Interesting post on Good Morning Silicon Valley today...
Who, what, where, when and WiFi
So what's it going to be for municipal wireless broadband -- public utility or commercial commodity? With Philadelphia reviewing final bids and San Francisco Mayor Gavin Newsom's recent pledge of access for all, the debate is quickly becoming more urgent, and the arguments are as much about political philosophy as technology.
Mike Langberg of the Mercury News sums up the tech doubts: "Municipal wireless systems are turning into this year's tech bubble, with manufacturers making lots of promises and boosters glossing over numerous engineering hurdles. Delivering Internet service is much more complicated than piping in tap water or picking up garbage, and cities could easily get overwhelmed with unproven equipment." Sonia Arrison of TechNewsWorld warns against "the DMV-ization of broadband" and says the economics favor private industry: "If City Hall can barely afford to provide residents the critical services that matter most, such as police, fire protection, and public transportation, why would anyone think it will be able to maintain a high-quality, cutting-edge broadband network?"
However it shakes out, the tech giants know this will eventually be a big thing and they are nosing determinedly at the edge of the tent. Intel announced Thursday that it has been working with 13 cities around the world on municipal WiFi under a program called Intel Digital Communities. For now, the projects have focused on systems to improve communication among city employees and between city agencies and the public, but the program gives Intel (and backers like Cisco, Dell, IBM and SAP) an inside track should large-scale municipal access plans develop.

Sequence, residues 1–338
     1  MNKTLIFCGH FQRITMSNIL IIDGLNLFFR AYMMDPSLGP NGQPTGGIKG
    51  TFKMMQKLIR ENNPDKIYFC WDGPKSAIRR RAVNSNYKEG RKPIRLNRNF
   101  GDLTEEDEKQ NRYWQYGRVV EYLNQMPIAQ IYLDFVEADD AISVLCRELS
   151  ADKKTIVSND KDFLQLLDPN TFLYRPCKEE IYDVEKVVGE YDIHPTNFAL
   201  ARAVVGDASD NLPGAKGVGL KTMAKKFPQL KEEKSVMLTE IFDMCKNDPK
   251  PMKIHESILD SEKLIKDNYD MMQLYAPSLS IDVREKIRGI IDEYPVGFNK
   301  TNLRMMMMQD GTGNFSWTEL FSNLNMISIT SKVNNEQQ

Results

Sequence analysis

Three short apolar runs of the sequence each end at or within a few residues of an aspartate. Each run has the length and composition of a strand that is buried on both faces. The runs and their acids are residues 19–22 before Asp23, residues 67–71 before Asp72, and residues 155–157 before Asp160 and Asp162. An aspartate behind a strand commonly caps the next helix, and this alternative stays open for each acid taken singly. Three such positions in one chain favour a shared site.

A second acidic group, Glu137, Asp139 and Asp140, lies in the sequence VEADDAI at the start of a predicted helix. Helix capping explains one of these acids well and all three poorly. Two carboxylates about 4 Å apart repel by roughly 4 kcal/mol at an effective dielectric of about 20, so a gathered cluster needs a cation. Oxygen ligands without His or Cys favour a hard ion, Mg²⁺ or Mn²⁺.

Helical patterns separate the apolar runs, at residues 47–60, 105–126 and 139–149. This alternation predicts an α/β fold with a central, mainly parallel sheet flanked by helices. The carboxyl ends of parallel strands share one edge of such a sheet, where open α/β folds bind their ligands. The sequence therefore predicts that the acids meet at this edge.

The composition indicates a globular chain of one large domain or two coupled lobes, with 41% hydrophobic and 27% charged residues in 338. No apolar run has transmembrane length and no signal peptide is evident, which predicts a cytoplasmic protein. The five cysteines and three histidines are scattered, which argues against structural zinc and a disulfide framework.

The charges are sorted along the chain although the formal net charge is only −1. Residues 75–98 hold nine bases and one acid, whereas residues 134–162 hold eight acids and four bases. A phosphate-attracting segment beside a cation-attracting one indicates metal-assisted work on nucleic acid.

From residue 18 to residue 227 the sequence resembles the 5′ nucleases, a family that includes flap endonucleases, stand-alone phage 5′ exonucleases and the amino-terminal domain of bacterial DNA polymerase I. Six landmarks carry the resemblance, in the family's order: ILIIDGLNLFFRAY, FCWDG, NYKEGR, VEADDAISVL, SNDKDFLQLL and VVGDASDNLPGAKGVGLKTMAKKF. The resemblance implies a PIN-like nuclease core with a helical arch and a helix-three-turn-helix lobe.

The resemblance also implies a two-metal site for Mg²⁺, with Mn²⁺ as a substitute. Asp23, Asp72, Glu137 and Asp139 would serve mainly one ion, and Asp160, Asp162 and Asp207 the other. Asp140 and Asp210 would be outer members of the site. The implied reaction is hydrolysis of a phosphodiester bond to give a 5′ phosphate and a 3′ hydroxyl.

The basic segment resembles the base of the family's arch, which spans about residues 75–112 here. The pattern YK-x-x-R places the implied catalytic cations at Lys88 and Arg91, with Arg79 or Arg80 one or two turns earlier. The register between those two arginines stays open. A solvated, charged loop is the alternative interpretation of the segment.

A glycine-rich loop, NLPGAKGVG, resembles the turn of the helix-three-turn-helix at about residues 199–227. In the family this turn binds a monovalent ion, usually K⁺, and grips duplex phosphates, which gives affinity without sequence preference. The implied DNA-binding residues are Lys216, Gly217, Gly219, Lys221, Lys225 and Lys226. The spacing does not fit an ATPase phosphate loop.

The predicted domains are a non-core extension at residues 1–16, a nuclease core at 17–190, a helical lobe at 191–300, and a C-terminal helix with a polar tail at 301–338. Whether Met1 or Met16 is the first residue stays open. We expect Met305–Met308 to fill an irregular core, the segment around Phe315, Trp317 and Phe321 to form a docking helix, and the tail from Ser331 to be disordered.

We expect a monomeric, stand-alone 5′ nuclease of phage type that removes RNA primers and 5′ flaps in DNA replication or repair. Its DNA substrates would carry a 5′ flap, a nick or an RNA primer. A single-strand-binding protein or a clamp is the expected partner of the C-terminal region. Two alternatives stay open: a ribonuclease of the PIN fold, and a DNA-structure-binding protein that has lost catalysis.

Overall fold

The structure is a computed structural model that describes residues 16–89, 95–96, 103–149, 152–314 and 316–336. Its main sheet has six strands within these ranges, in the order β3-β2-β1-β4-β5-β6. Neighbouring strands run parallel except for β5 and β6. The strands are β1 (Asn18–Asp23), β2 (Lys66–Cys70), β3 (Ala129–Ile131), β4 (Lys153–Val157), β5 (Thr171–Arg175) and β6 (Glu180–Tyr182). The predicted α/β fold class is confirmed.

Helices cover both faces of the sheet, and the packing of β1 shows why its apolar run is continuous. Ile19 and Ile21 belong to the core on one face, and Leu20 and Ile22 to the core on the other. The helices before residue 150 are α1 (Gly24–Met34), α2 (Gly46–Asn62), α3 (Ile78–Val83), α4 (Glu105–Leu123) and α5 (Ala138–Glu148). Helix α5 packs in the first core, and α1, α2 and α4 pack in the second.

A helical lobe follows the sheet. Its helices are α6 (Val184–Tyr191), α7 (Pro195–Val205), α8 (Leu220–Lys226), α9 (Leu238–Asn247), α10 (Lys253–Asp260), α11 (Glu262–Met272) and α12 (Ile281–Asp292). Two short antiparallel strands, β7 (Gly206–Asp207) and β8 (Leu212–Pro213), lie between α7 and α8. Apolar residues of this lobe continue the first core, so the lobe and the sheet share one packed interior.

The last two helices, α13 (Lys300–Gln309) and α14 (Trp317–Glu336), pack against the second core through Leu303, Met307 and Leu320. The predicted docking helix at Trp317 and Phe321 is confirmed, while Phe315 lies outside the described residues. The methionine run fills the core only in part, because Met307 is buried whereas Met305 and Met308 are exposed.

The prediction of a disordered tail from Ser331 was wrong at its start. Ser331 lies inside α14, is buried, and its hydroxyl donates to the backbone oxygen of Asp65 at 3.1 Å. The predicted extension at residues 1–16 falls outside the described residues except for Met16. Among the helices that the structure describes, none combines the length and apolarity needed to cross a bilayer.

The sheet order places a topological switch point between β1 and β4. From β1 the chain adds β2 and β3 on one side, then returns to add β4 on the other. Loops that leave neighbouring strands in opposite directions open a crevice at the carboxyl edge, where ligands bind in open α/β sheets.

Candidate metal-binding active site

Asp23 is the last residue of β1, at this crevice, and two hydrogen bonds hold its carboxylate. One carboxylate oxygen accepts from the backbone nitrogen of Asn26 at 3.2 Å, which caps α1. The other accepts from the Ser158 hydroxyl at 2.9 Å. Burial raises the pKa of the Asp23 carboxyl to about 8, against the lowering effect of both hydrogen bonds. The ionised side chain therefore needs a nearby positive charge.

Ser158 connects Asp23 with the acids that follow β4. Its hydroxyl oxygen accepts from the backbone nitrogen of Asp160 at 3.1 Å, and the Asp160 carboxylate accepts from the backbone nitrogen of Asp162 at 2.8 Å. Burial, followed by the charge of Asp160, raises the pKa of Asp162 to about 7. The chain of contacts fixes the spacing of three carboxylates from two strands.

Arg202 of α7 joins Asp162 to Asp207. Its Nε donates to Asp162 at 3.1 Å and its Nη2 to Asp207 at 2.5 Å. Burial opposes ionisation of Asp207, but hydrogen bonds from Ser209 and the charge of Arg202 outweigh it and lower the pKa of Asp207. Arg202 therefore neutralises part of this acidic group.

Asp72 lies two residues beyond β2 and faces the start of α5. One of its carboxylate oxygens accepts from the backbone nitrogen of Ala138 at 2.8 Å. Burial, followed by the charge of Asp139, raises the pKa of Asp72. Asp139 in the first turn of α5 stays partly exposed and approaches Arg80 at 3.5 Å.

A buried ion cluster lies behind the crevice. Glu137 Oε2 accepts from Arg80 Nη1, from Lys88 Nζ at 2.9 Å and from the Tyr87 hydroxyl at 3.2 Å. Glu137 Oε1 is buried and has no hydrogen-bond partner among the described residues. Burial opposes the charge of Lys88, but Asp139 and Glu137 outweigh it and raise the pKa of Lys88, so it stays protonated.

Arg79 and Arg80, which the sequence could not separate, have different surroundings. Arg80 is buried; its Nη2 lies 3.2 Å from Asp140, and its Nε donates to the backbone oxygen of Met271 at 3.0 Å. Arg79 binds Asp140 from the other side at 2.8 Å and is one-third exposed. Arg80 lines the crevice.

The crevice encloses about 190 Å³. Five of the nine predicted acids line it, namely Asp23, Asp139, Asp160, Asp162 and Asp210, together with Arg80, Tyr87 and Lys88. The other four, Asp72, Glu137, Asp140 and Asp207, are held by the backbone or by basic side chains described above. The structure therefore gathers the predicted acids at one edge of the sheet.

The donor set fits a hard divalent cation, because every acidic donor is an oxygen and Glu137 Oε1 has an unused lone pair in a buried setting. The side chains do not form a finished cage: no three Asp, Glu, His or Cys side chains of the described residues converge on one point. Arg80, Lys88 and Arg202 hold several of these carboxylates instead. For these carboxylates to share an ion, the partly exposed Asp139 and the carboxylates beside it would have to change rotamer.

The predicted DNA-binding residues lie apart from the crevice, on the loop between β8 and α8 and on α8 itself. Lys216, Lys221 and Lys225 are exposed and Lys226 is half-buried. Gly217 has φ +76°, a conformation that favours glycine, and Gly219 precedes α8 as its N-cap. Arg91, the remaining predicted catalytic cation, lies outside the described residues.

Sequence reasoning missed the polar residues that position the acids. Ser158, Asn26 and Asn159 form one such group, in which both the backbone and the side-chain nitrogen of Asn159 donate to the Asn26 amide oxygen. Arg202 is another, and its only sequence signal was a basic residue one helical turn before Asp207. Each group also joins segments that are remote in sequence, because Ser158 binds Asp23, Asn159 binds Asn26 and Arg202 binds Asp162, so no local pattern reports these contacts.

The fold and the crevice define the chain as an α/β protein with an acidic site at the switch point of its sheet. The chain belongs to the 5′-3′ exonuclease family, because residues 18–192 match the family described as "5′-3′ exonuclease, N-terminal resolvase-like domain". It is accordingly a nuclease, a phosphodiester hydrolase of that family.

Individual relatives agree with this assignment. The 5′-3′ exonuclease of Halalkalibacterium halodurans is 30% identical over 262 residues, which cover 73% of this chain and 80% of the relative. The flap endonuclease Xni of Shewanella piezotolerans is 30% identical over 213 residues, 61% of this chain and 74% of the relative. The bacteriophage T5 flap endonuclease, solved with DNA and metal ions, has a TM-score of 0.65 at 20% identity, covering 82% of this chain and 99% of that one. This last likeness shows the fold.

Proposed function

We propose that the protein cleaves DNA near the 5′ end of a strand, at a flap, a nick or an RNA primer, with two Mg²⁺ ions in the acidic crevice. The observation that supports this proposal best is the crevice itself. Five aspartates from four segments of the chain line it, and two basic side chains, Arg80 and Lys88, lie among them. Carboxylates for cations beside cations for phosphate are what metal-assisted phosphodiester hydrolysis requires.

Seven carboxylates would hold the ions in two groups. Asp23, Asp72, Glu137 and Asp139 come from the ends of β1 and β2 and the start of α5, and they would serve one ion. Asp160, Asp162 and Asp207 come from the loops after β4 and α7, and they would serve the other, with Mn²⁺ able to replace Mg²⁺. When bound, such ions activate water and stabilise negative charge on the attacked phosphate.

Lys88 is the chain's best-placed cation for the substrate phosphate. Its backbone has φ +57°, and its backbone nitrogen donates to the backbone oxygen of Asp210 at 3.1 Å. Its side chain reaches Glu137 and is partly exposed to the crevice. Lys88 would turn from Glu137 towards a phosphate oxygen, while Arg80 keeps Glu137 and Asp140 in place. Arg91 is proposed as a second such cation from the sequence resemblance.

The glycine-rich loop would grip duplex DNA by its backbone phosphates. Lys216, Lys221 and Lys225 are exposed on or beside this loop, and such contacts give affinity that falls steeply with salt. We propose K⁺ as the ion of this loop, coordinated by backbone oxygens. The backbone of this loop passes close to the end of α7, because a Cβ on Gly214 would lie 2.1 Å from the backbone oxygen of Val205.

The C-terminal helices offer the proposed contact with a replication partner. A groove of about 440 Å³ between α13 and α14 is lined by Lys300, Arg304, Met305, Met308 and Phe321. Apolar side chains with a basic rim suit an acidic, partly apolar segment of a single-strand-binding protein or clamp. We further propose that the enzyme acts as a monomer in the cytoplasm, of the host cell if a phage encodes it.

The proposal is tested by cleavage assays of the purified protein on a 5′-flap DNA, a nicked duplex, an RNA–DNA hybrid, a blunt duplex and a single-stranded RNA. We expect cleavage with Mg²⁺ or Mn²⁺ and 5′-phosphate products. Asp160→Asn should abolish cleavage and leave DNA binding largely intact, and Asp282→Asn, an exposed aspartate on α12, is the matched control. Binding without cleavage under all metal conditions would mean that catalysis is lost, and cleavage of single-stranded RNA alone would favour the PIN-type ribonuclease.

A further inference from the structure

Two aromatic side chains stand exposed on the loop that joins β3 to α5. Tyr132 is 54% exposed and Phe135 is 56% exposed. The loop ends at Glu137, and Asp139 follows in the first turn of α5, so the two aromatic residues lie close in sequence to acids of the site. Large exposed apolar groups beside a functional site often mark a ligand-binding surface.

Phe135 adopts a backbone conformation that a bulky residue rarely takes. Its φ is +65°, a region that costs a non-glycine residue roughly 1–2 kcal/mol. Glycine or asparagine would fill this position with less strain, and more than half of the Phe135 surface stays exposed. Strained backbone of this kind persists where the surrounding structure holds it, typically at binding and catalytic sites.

JupiterResarch analyst Julie Ask says cities with wireless ambitions will still have a selling job to do: "Communities are going to have a hard time persuading their constituents that bridging the digital divide or free Wi-Fi on Main Street are worthwhile uses of tax dollars. However, when you mix in a long list of benefits -- some quantifiable and some more qualitative -- it's a lot easier to get to the point where folks think, 'Yeah, this makes sense.' "
NEXT STORY: The fed dress code